I think you would be amazed by the number of people seeking psychological help for anxiety. Wonderful campaigns have raised awareness about depression. The comparative lack of coverage regarding anxiety is surprising given that a national survey found anxiety to be the most prevalent mental health problem across all age groups. In fact, it showed that a whopping 14.4% of Australians had an anxiety disorder within the last year.
So next time you’re in the bank, a cafe or on a bus with 20 other people, three of you, on average, have distressing anxiety which interferes with daily life.
You are not alone! I certainly empathise with sufferers of anxiety – it can be excruciating and sometimes disabling. Personally, I can relate to this as it has been part of our family inheritance and I’ve had my share of sleepless nights and crazy-making anxiety. However, empathy alone is insufficient treatment for anxiety. So what actually helps?
The first step is understanding anxiety. Basically, it is a dysfunction of a truly wonderful psycho-physiological mechanism which helps to keep us alive - fear. Without fear we might drown in heavy seas on a hot day or wander off a cliff with a wonderful view. However, under certain conditions the anticipation of a feared event can take over our lives; it can limit choices, severely diminish enjoyment, and destroy relationships.
Anxiety can be focused on a wide variety of things including social situations, performance, creatures, one’s body, situations, and imagined future or past traumatic events, and can involve experiences such as rumination, panic, sleep difficulties, compulsions, depressed mood and isolation.
Developing the skill of intentionally invoking a deep state of relaxation is a key step. This is important in reducing general stress as well as being an integral part of certain psychological treatments for phobias, stress disorders, and other conditions. There are a number of resources online to help you relax; some free some paid, some based on scientific evidence, others not. You could even try Googling 'ASMR: Autonomous Sensory Meridian Response', if you dare! Now that's a rabbit hole - make sure to finish reading this article first!
I have a number of downloadable audio files that I recommend my clients use to train their nervous system. These are evidence-based practices (which means psychologists have used scientific methods to work out that they actually work). You can get these from my downloads page. Remember that like any new skill it will take time to develop but in the end you will be able to invoke a peaceful and relaxed state of mind at will. That has to be worth investing in!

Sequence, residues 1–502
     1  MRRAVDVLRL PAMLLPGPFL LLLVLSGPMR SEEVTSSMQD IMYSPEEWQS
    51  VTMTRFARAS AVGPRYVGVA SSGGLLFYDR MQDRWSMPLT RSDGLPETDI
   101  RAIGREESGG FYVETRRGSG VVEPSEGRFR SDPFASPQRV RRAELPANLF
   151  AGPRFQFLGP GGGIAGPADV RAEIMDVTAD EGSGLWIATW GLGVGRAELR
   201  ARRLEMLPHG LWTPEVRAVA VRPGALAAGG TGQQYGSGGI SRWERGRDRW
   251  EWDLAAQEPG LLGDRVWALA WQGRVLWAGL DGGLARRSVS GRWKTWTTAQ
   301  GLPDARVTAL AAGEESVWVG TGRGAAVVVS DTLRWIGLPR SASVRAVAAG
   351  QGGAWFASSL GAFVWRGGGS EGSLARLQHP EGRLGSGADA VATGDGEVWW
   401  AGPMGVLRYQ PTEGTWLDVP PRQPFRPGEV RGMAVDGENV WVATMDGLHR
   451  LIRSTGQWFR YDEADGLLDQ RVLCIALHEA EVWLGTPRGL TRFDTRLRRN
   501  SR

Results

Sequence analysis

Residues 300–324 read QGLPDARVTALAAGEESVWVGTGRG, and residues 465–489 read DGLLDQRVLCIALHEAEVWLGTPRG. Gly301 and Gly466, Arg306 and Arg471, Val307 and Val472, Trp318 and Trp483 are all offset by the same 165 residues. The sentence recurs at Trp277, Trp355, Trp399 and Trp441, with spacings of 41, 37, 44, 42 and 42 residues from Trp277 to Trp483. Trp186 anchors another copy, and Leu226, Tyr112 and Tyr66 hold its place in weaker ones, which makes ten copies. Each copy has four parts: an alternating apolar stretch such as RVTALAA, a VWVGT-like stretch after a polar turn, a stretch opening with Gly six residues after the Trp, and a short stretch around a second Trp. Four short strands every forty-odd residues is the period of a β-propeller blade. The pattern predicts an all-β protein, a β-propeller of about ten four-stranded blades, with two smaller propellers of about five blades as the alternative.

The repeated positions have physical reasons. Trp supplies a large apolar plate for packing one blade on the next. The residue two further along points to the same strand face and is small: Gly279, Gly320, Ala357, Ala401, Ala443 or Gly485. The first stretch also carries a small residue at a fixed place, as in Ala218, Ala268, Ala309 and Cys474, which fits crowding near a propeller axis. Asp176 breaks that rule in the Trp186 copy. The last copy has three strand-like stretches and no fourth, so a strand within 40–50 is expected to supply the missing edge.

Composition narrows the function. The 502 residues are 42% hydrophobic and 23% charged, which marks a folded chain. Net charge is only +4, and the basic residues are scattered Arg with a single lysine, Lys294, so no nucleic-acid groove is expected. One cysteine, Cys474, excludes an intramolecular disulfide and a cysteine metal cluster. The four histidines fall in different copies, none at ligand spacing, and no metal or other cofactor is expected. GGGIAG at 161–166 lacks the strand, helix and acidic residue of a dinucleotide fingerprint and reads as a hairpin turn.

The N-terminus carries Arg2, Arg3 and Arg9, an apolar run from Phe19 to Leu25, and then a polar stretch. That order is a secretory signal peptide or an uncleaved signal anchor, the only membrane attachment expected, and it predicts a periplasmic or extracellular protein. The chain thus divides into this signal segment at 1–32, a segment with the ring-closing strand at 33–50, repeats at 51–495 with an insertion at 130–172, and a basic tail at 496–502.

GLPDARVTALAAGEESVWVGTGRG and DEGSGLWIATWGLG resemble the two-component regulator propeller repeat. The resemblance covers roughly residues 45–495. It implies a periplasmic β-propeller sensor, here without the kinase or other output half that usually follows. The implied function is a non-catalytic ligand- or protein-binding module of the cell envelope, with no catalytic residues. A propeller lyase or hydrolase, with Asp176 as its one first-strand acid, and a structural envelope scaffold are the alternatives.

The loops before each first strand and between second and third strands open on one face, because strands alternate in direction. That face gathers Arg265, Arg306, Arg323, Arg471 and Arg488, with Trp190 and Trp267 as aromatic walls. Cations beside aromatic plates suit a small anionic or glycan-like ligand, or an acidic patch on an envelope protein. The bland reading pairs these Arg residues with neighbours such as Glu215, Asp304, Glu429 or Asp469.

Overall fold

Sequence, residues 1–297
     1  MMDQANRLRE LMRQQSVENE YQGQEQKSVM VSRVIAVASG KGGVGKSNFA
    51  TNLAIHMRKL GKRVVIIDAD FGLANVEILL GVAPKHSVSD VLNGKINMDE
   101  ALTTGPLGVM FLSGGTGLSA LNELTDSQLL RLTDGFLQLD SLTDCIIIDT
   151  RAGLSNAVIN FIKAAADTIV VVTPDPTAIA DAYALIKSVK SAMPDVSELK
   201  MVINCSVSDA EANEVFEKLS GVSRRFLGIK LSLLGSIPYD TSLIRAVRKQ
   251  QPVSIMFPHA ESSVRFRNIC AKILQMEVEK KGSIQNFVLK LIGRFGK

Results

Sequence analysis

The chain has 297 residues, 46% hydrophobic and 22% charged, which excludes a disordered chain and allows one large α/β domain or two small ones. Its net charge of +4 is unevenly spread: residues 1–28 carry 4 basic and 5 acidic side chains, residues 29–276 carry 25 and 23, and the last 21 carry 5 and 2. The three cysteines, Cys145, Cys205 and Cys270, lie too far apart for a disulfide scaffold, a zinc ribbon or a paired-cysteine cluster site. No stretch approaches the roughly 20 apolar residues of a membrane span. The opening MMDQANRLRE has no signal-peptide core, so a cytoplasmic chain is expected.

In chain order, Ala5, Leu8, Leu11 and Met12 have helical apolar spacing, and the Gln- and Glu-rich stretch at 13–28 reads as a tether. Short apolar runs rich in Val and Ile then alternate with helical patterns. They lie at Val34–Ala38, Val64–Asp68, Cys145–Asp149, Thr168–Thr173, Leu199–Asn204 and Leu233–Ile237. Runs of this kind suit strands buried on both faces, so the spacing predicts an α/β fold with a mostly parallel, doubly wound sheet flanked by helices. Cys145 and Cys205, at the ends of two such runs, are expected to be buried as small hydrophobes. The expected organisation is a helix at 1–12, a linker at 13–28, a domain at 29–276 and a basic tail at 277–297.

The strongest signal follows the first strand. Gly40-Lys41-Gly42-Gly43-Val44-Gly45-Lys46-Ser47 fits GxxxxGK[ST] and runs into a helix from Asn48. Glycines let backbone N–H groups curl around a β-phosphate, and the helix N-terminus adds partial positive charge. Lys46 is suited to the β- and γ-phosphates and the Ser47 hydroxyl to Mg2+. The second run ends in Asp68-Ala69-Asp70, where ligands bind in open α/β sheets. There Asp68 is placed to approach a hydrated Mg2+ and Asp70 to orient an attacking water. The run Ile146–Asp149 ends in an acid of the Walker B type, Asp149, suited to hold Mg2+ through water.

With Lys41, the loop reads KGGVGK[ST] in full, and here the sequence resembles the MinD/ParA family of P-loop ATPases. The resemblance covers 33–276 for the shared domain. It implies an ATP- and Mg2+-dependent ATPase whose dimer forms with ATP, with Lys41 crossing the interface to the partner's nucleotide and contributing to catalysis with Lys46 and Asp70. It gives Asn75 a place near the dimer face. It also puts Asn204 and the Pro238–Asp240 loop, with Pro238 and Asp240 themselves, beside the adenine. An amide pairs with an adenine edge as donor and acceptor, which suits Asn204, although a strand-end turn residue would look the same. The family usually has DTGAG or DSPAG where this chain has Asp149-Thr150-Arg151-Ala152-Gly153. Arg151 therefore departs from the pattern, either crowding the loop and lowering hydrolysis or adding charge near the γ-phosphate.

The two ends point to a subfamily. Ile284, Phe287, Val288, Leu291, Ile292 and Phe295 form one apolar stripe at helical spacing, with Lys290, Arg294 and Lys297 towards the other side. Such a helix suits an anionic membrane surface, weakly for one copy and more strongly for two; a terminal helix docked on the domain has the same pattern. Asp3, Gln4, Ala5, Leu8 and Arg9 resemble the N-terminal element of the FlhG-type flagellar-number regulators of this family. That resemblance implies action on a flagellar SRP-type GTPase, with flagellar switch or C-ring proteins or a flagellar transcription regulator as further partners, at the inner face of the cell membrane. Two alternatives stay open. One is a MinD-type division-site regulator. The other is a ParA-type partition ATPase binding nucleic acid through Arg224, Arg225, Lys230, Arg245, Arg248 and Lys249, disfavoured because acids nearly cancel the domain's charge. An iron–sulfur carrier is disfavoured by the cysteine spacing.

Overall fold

Another critical ingredient in overcoming anxiety is moving from unconscious reacting to awareness and intentional responding. It involves discovering the thoughts, beliefs and assumptions that are leading to overwhelming emotion and developing the ability to rethink these. In psychobabble it's called cognitive restructuring, but I prefer 'intentional responding'. I intend to develop a short course on how to do this, so stay tuned. This is not something you do once; rather it is both a skill and a way of being that is developed. It can be used in specific moments to immediately reduce overwhelming emotion and, over time, allow you to live a more balanced, positive and rewarding life.
This guide is nowhere near comprehensive and everyone’s situation is different. Different anxieties require different treatments. For example, panic attacks are helped by a particular breathing technique, phobias by the techniques above in concert with an empathetic, systematic approach to reducing avoidance, and post-traumatic stress by a mix of these and skilful, trauma-informed therapy. There's nothing better than getting a thorough assessment and customised treatment by a trained and experienced mental health professional; however, everyone will benefit from the strategies above when implemented properly.
As always, discuss any concerns with your GP and feel free to email me with any questions.
Dr Jack Dunphy, Clinical Psychologist
NB: This is based on an article that appeared in a Rozelle Total Health newsletter.